|Publication number||US4159439 A|
|Application number||US 05/710,496|
|Publication date||Jun 26, 1979|
|Filing date||Aug 2, 1976|
|Priority date||Aug 2, 1976|
|Also published as||CA1080779A, CA1080779A1, DE2734079A1|
|Publication number||05710496, 710496, US 4159439 A, US 4159439A, US-A-4159439, US4159439 A, US4159439A|
|Inventors||Duane A. Haven, Robert L. Arneson|
|Original Assignee||Tektronix, Inc.|
|Export Citation||BiBTeX, EndNote, RefMan|
|Patent Citations (6), Referenced by (3), Classifications (13)|
|External Links: USPTO, USPTO Assignment, Espacenet|
U.S. Pat. Nos. 3,531,675 and 3,956,662, which are assigned to the present assignee, disclose bistable storage targets of storage cathode ray tubes wherein the storage target has a multiplicity of collector electrode members extending through a layer of storage dielectric material which is in intimate engagement with the collector electrode members and collector or target electrode thereunder. Similar target structures are also disclosed in U.S. patent application Ser. No. 599,620, filed July 28, 1975 and U.S. patent application Ser. No. 700,278, filed June 28, 1976, both are assigned to the present assignee. Since the dielectric storage layer in these storage targets is in direct contact with the collector electrode members, background luminance during operation of the cathode ray tube takes place around the collector electrode members because collection efficiency of flood gun primary electrons at the interface of the storage dielectric and the exposed collector electrode members is high due to the large area of the collector electrode members being exposed which increases the current density thereat. This background luminance is undesirable since it results in impaired performance as it decreases contrast and presentation of the information is not precise which hinders viewability of the displayed information on the storage target as well as reading out the displayed information therefrom.
The present invention relates to cathode ray tubes and more particularly to bistable storage targets therefor.
In accordance with the present invention, a cathode ray storage tube includes a storage target comprising an insulating support member having a conductive coating provided on an inner surface thereof. A pattern of collector electrode members extends outwardly from the conductive coating and at least each of the collector electrode members has an insulating coating therearound except for an exposed area at the outer ends of the collector electrode members. A dielectric storage layer is located on the storage target with the dielectric storage layer engaging or surrounding the insulated collector electrode members and sections of the insulated collector electrode members including the exposed areas thereof extending beyond the surface of the dielectric storage layer.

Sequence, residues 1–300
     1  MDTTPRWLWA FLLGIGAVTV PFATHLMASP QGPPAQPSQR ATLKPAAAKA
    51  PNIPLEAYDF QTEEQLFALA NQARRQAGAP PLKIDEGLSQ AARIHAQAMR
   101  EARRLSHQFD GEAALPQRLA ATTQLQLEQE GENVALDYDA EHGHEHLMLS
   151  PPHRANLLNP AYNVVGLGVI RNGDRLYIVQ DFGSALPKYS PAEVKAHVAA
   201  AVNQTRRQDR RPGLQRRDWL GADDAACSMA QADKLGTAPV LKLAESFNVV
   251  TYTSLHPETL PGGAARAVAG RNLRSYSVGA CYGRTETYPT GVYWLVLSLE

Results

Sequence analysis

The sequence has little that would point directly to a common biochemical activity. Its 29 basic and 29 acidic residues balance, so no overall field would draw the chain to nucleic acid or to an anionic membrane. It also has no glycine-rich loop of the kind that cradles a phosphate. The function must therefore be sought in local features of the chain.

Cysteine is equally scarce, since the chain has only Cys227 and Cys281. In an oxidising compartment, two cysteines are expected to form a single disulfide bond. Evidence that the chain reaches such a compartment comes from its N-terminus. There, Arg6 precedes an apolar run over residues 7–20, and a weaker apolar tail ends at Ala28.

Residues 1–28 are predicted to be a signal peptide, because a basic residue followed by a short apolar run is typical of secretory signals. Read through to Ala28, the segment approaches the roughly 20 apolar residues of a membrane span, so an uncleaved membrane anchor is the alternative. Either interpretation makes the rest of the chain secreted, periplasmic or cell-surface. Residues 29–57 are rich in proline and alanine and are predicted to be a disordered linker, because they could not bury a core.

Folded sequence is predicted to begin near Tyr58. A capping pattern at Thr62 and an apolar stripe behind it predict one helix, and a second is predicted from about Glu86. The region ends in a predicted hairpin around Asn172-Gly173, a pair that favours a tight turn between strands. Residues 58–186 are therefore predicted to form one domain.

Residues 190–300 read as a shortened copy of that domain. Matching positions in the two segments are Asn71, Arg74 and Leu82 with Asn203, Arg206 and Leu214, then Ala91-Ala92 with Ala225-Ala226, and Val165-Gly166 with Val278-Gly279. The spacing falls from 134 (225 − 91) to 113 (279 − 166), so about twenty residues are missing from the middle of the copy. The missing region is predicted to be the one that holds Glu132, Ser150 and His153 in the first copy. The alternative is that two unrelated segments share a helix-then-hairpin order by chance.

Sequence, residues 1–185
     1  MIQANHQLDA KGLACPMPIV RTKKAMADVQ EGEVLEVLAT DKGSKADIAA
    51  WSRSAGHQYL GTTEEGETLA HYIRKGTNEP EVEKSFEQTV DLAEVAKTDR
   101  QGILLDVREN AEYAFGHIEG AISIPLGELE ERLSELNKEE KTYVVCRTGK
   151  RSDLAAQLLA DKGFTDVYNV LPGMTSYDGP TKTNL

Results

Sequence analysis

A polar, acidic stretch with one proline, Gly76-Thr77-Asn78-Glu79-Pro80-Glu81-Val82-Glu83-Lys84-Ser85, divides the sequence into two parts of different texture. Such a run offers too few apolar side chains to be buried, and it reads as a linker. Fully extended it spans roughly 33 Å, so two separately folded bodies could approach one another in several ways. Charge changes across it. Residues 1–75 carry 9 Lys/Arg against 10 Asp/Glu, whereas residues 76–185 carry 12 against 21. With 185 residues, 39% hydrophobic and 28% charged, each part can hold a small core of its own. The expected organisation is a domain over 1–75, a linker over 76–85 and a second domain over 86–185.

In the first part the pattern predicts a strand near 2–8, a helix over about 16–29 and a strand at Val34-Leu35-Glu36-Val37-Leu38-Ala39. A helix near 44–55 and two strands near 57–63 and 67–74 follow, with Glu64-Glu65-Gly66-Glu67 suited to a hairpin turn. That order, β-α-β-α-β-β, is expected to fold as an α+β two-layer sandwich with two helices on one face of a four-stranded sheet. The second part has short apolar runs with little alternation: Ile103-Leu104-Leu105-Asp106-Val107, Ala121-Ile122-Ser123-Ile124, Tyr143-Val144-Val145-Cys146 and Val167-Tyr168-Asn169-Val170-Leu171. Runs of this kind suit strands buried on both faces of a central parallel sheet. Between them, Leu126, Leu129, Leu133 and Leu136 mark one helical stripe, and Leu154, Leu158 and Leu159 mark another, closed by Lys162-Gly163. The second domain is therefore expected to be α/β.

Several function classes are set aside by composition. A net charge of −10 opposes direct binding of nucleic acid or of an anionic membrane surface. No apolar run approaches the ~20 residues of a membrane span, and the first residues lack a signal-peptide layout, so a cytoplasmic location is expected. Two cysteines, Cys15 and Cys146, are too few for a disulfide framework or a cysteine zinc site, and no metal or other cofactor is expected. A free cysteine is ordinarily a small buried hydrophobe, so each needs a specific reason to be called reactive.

An object of the present invention is to provide a cathode ray tube having a storage target that provides low background luminance to enhance viewing readout of information thereon.
Another object of the present invention is the provision of a cathode ray tube having a storage target provided with conductive collector electrode members extending through a dielectric storage layer which are part of an undercollector electrode under the dielectric storage layer and which are covered with insulating material to insulate the collector electrode members from the dielectric storage layer.
A further object of the present invention is to provide a storage target for a cathode ray tube that has insulated collector electrode members extending through a storage dielectric layer with the outer ends of the insulated collector electrode members being exposed to collect secondary electrons from written areas of the storage dielectric layer.
An additional object of the present invention is the provision of a storage target for a storage cathode ray tube having a coating of insulating material between the layer of storage dielectric material and conductive collector electrode members to minimize the background luminance at the collector electrode member locations during the display of information and which improves the viewing and readout of such displayed information.
Other objects and advantages of the present invention will be apparent from the following detailed description of preferred embodiments thereof and the attached drawings of which:
FIG. 1 is a schematic representation of a cathode ray storage thus according to the present invention;
FIG. 2 is an enlarged cross section of part of the bistable storage target of the cathode ray storage tube of FIG. 1;
FIG. 3 is a part forward view of the storage target that faces the electron beam means;